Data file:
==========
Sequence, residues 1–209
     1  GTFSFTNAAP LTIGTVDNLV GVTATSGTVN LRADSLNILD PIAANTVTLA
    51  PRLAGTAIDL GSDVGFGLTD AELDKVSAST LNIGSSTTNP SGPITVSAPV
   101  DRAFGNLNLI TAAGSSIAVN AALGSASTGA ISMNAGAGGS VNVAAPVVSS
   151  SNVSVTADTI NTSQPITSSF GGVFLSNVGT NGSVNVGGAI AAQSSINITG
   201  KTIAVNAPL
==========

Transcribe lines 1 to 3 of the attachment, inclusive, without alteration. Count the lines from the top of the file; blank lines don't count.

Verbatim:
Sequence, residues 1–209
     1  GTFSFTNAAP LTIGTVDNLV GVTATSGTVN LRADSLNILD PIAANTVTLA
    51  PRLAGTAIDL GSDVGFGLTD AELDKVSAST LNIGSSTTNP SGPITVSAPV